Moving to Toronto from a small town at the age of nineteen was the first time I was entirely introduced to the queer scene. More specifically an open and proud community that I would have never really been exposed to three years ago; it’s not that it didn’t exist where I lived either, it just had to be sought out. I remember going to my first gay bar and seeing my first drag show, I was in complete awe. Such an important part of LGBTQIA2S+ history and its community is the drag scene, and the queens who started the revolution at a time where it could have easily resulted in death. So when I sat down to watch Philip J. Connell’s Jump, Darling I already had an instilled excitement knowing that a drag queen character was leading this film. It’s due time for these types of queer stories to be told as a sort of coming of age and I have to say, this one is an incredible installment.
The next and last volume of my round-ups for Fantasia! This was supposed to come out sooner, but to be honest, I felt a bit burnt out, but I’m trying to get back to my productive self. No other way to do so, but force it out, right?
Nostalgia is something that we can all relate too, especially in today’s world where everything seems to be going into shambles. The Way I See It banks on this idea of nostalgia. Following Pete Souza and revisiting his eight years as the photographer for President Obama and his response following President Trump’s election and today’s world. Composing itself mostly of images and stock footage intertwined with interviews, The Way I See It tries to make you yearn for past times and fear our future with the current President of the United States at its head.
Going into this, I was not expecting it to be one of the most chaotic and stressful films to have come my way this year. The sheer messiness of this film was almost too much at times, and I say this as someone who absolutely loved every second of it.
For Emma Seligman’s (Shiva Baby, Void) feature directorial debut, we follow Danielle; a young student who runs into her sugar daddy at a Jewish funeral service with her parents. The chaos that radiates from that short description alone is nothing compared to the events thrown our way throughout the experience.
I got to talk to the director of one of my favourite films coming out of Fantasia, Clapboard Jungle. A great inspiring documentary about the hardships of making a film. You can read my review here. And read our conversation now!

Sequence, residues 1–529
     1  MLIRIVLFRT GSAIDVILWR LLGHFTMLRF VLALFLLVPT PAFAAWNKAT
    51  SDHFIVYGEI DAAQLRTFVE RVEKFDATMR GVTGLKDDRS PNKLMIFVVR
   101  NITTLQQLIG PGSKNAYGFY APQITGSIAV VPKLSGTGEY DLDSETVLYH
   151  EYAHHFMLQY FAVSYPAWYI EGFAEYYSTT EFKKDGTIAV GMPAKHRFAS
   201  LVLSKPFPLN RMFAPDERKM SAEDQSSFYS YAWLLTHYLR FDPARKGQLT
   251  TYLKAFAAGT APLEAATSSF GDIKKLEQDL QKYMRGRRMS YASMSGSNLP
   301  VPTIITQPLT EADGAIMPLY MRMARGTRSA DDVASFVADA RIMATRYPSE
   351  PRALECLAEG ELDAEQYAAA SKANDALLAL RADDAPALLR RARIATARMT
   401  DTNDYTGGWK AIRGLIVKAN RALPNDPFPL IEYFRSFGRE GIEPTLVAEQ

Maybe it says something to me that it felt like I very much needed a film that felt as brutal as this one (and that’s a discussion I should probably have with a therapist or something). But this was a film that I felt like I needed.
I’ve told a few people and I included this film in one of the films I was most looking forward to, and I’m so excited to say that it didn’t disappoint in the slightest. This may be one of my new favourites of the year.
In 2018, I reviewed Our House and I fell in love. Not during my first watch, but it welcomed me back again and again. It was a film based in real fears and emotions and in my review, I stated that while it wasn’t filled with scares, I was scared of some of the things in it. Also, it was clear that Anthony Scott Burns was fascinated with science in regards to his films. And the same can very much be said about his latest, Come True.
This happens with every festival really, you watch too many, you lose sleep, and then you almost lose excitement as the films bleed into one another. But, hopefully, if you’re lucky, you’ll find a movie that will energize and be reminded why you were once excited for this festival in the first place. And friends, that movie is Bao Tran’s The Paper Tigers.
Another film that I was super excited for, but also, a film that seemed to miss the mark, not by much, but just a bit.